there is a sense of occasion," Mr. Ellis said. "We want the same thing
here."

Creating that energy, he added, depends on what hours the facility is open
and what happens in the spaces outside the theater, which at Rose Hall
include a large atrium with a view of Columbus Circle, and a Jazz Hall of
Fame. Informal performances in the atrium, free preconcert talks, as well as
the retail and catering presence all make a difference, he said. The high
number of rentals ‹ to other Lincoln Center programs, other nonprofits, or
commercial productions ‹ makes creating this cohesive experience more
challenging, he acknowledged. Dizzy's Club Coca-Cola is the only of the
three venues that features jazz seven nights a week, 255 days a year. The
Rose Theater is used for JALC programming 25% of the time, and the Allen
Room only 18% of the time.

But as important as the organization's physical presence is, Mr. Ellis said,
the key to attracting young music audiences is online. He is particularly
optimistic about the potential uses of collaborative filtering ‹ the "you
liked x, so you might like y" algorithm that allows Netflix to recommend you
movies based on how you have rated previous rentals, combined with the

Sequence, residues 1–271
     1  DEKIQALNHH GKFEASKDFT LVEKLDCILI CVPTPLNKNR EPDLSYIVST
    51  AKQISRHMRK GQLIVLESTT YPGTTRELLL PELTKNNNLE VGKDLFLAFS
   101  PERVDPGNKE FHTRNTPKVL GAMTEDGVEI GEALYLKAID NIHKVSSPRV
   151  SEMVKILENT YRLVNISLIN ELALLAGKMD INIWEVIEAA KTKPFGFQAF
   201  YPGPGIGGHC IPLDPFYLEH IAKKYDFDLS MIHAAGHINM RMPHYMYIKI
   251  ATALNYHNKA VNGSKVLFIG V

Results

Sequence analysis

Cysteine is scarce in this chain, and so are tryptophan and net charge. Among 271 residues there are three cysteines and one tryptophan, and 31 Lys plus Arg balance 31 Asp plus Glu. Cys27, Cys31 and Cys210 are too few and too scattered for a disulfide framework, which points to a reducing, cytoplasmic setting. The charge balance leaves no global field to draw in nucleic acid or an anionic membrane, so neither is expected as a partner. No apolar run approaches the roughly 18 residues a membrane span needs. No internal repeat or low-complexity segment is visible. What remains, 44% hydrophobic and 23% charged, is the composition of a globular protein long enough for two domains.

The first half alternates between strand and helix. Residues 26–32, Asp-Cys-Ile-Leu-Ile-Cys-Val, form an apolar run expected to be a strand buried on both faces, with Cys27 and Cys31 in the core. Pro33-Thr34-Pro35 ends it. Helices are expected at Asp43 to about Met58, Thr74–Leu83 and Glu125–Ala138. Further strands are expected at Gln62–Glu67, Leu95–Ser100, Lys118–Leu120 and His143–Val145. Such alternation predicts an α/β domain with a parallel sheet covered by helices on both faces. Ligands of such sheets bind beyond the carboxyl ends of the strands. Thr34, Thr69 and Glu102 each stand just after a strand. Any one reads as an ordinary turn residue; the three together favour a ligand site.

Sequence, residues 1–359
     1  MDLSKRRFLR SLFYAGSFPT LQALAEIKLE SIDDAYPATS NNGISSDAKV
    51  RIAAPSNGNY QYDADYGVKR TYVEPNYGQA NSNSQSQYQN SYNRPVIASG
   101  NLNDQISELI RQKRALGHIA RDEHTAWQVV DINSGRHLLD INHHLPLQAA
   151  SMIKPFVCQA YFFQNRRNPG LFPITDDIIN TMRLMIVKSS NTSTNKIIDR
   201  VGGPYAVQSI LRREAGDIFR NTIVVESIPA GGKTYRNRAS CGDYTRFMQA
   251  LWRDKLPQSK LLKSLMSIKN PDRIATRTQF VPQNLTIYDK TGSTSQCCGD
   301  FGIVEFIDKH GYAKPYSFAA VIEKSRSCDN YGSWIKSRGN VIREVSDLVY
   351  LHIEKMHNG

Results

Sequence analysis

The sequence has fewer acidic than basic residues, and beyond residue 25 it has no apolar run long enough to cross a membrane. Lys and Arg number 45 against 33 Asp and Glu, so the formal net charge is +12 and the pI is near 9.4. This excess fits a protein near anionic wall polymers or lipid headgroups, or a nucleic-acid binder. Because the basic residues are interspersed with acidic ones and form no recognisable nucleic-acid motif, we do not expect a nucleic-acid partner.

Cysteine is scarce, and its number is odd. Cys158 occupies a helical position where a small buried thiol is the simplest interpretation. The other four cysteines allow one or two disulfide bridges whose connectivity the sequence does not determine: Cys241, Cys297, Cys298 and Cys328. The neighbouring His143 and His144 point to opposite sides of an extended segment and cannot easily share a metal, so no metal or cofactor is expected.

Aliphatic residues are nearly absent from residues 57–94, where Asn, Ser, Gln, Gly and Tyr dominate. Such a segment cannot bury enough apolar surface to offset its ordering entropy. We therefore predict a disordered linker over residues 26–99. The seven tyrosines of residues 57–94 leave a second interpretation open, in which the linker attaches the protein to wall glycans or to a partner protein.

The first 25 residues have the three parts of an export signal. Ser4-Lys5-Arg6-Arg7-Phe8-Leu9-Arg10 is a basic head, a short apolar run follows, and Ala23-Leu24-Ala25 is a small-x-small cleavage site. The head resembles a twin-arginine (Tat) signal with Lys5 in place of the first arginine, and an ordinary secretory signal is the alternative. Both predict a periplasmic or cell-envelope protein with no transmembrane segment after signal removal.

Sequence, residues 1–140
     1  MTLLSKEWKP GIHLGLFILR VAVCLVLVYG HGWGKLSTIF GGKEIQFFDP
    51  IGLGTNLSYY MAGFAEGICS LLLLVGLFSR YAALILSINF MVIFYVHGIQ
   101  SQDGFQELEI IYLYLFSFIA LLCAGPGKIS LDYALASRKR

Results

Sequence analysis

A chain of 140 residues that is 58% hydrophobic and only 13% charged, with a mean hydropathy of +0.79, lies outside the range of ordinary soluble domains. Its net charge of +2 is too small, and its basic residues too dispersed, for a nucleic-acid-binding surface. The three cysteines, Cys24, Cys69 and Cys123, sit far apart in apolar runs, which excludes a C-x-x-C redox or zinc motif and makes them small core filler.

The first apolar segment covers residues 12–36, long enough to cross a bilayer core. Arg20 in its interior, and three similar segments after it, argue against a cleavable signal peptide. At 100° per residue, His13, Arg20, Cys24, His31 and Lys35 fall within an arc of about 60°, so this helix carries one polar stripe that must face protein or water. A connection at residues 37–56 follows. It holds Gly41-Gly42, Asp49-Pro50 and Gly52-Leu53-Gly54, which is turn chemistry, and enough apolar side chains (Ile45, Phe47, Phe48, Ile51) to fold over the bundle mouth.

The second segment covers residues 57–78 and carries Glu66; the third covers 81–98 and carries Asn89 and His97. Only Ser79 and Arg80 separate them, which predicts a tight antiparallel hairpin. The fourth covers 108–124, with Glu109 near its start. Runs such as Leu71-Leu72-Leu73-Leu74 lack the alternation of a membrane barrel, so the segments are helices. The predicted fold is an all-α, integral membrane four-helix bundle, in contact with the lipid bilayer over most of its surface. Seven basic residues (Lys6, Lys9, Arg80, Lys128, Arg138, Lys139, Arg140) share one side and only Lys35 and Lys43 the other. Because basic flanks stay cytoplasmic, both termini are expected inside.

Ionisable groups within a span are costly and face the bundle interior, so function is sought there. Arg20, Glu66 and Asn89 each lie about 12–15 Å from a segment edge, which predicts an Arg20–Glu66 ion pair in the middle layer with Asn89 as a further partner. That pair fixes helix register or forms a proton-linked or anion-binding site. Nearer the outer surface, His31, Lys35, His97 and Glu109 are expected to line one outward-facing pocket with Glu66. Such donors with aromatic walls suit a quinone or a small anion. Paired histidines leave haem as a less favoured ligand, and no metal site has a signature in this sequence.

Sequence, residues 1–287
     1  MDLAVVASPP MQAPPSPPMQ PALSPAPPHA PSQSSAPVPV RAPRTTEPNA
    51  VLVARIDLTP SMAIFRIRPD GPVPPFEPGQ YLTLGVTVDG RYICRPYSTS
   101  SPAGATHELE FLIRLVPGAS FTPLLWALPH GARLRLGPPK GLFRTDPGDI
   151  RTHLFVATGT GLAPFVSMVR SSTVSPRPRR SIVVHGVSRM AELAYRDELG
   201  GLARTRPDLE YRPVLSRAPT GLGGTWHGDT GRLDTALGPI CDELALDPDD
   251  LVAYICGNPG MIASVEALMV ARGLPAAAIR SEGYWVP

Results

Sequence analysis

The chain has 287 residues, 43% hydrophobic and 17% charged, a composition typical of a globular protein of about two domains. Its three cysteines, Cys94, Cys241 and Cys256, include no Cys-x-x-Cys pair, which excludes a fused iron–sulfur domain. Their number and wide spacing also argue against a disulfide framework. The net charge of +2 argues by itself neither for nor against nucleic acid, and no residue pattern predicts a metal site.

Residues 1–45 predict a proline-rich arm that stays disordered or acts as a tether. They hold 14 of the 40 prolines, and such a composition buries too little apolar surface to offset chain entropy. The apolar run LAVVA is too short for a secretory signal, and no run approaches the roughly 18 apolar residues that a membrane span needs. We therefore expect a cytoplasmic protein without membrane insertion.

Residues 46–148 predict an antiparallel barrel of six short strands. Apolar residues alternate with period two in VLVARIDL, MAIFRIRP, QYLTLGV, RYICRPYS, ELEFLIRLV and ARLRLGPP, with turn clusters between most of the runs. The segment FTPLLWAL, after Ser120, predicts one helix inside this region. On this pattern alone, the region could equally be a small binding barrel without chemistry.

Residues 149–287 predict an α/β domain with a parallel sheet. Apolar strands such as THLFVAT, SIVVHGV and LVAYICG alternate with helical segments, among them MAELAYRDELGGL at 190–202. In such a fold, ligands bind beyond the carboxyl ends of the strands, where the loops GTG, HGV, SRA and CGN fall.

collected tastes of other users.

"The one thing you want in culture is for people to experiment, and that's
extremely difficult," Mr. Ellis said. Particularly with something as diverse
as jazz music, audiences "need and want un-patronizing help in navigating
it, so that they can find things they want with some degree of confidence,"
he continued. Collaborative filtering can give people that confidence, that
"even if they don't know exactly what they're getting into, it will be an
experience they'll enjoy." There are various models, he said, for how
collaborative filtering could yield recommendations of live performances.
The ratings system could be tied to ticket purchases, so that when you buy a
ticket for an event online you are asked to rate the last event you went to,
or it could be based on an online community of people "who don't mind
wasting five minutes" rating the various things they've attended.

"That's really the way things are headed," Mr. Ellis said of collaborative
filtering. "It's certainly the way music is headed."

As the audience grows, Mr. Ellis said, he would like slowly to expand the
amount of JALC programming in the theaters relative to rentals. The
programming, he said, should reflect the future of jazz, as well as
continuing to maintain and create an audience for the jazz canon.

"People's love of the music is deepened by their understanding of the music,
and that requires some historical perspective," Mr. Ellis said, pointing to
a poster on the wall of his office, titled "Highlights of the Jazz Story in
the USA," showing the history of jazz music as a giant family tree.

Accordingly, the season opens with concerts on Friday and Saturday by the
Jazz at Lincoln Center Orchestra celebrating the music of Benny Carter, who
is enjoying his centennial. "Right at the center of Jazz at Lincoln Center's
mission is to showcase and create an audience for that historical music."